“How To Plan For Nursing Home And Long-Term Care Costs,” by Michael Korsinsky, Lawyer.com
“How Do I Protect My Assets from Nursing Home Costs?
This is where early planning is most beneficial. Protecting assets from nursing home costs can be done with an experienced attorney. There are various strategies a lawyer can employ to maximize the protection of assets. It is important to note that Medicaid has a five-year look-back provision. This means that the government can look back at assets that were transferred within a person’s estate for a five-year period before the Medicaid application. If the transfer was not exempt, the person may not be eligible for Medicaid for a certain length of time. For this reason, it is best to start with an attorney from the very beginning of estate and nursing home cost planning. A lawyer can help protect one’s estates through a variety of strategies that could include:
Gifts: There are tax and other ramifications, so one should consult with a lawyer who focuses on elder law.
Irrevocable Trusts: This enables an individual to avoid giving away or spending down assets to qualify for Medicaid. Assets put into an irrevocable trust are not legally owned by the individual, and there are other issues a lawyer can explain.
Revocable living trusts offer no protection from nursing home cost spend-downs.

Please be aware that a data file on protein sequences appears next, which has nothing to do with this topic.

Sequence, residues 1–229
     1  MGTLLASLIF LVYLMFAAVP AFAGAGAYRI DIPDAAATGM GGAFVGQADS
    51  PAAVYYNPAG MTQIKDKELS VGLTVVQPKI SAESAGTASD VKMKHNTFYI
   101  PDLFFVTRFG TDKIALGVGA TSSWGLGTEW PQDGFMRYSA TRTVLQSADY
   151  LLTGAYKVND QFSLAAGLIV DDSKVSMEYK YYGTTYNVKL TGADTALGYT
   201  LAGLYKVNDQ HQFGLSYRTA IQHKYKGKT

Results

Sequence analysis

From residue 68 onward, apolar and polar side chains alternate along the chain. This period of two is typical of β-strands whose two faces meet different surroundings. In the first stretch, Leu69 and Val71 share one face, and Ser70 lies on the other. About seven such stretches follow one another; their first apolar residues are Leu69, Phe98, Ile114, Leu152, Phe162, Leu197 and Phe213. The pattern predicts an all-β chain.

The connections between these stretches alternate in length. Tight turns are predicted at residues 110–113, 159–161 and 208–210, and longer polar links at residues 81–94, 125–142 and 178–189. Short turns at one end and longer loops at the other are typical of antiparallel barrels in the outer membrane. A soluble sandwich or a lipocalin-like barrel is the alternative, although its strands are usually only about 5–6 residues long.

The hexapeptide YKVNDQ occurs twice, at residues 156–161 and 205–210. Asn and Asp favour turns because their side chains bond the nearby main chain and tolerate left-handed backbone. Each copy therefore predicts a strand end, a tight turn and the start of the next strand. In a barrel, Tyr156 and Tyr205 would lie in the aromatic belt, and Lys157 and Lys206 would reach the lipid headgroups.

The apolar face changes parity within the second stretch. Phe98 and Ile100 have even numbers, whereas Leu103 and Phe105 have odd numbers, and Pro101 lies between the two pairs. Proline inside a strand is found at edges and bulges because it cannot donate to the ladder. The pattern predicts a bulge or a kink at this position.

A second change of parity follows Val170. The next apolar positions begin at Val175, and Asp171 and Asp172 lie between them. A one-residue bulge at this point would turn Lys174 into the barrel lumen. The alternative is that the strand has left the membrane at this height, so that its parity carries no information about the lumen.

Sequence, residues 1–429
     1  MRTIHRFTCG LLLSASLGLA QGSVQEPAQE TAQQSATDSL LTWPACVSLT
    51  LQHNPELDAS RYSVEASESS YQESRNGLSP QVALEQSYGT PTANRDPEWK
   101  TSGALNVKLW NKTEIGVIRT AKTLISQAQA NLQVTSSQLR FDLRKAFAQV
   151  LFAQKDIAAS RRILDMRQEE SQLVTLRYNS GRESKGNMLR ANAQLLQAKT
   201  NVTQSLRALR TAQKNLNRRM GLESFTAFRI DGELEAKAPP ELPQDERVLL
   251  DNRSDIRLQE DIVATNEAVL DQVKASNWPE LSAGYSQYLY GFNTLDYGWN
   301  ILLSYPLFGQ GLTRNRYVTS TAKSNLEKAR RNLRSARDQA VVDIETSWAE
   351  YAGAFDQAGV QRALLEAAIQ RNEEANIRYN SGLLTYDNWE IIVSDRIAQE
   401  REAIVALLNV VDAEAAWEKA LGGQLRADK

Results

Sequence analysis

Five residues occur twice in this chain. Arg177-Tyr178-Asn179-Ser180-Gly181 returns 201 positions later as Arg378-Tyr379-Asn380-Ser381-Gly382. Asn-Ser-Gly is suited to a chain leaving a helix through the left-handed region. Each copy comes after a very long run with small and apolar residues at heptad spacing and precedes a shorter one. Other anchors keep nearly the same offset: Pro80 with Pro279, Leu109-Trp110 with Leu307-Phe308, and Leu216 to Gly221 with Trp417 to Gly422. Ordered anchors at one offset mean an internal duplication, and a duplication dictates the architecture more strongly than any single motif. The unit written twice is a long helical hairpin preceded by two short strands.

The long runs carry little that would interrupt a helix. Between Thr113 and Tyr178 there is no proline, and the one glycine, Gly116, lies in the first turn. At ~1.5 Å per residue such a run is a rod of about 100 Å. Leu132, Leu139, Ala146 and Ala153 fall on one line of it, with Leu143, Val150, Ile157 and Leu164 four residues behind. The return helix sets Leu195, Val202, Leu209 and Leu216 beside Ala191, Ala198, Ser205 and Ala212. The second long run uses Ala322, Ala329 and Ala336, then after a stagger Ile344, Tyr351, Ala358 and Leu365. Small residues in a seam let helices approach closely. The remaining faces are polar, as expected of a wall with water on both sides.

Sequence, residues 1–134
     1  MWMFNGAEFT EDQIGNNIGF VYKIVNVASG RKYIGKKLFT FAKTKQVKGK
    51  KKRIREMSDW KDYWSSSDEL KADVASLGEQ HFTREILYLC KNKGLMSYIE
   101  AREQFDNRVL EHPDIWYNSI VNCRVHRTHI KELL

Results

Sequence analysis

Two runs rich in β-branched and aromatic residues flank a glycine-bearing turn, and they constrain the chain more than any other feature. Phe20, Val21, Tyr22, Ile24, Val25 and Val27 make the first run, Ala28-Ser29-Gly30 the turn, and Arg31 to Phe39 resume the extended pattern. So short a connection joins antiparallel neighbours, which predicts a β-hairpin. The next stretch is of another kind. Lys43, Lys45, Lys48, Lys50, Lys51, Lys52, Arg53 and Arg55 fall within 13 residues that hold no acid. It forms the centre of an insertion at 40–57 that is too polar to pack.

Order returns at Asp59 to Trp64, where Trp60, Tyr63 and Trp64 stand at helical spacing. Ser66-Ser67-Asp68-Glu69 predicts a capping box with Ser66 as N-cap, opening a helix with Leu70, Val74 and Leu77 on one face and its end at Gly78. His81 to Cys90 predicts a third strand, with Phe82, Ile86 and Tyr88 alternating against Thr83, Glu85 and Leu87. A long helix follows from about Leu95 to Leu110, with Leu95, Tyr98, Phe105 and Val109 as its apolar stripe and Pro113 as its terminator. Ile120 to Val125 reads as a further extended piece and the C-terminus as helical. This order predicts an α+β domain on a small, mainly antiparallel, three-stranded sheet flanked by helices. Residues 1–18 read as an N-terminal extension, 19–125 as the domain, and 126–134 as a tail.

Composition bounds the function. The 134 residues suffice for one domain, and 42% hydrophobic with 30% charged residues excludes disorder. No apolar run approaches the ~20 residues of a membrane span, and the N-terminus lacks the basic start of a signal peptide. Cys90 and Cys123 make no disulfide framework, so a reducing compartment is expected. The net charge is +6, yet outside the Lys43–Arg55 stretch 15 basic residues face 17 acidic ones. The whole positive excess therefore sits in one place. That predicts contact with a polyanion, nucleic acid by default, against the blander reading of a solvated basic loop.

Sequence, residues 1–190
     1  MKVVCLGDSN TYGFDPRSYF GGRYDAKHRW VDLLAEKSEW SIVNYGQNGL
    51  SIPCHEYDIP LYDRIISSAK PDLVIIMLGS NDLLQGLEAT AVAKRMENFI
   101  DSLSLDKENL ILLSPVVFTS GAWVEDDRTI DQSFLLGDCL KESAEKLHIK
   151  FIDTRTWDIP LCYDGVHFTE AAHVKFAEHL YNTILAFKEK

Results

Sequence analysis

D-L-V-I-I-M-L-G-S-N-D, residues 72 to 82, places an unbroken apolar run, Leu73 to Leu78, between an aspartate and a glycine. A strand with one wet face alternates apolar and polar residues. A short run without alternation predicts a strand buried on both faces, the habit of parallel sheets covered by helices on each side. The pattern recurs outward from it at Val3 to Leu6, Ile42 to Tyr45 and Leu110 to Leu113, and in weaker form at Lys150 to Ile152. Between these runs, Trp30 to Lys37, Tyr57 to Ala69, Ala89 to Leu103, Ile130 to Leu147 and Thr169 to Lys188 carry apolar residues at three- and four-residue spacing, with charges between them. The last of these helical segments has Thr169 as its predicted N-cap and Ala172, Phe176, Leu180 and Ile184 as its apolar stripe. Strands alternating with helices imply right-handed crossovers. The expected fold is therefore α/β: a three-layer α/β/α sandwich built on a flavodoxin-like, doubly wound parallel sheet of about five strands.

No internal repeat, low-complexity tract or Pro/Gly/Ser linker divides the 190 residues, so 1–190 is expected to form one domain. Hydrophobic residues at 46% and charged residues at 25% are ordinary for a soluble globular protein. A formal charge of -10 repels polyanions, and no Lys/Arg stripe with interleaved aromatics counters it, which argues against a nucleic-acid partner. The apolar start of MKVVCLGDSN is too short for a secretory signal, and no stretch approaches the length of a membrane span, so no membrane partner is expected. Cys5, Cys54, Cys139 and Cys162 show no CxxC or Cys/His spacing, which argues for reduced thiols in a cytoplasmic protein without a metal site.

Real Estate: A lawyer will help protect one’s property.
Spouse’s Income: The federal spousal impoverishment rules permit a spouse of a nursing home patient to exclude their own income when paying for their nursing home care.
There are additional strategies a lawyer can discuss and recommend for an individual’s personal situation.”
This article exemplifies the kind of information universally available to people after they’ve ignored LTC risk and cost, but finally realize they need long-term care or are likely to need it. The article barely scratches the surface, however. For dozens of law journal articles that explain scores of Medicaid planning techniques, see “Appendix I: Supplemental Bibliography” of How to Fix Long-Term Care Financing. Removing Medicaid as the low-cost, ex post facto, middle-class alternative for long-term care is the key to improving LTC for all … not more government money much less a new compulsory government program.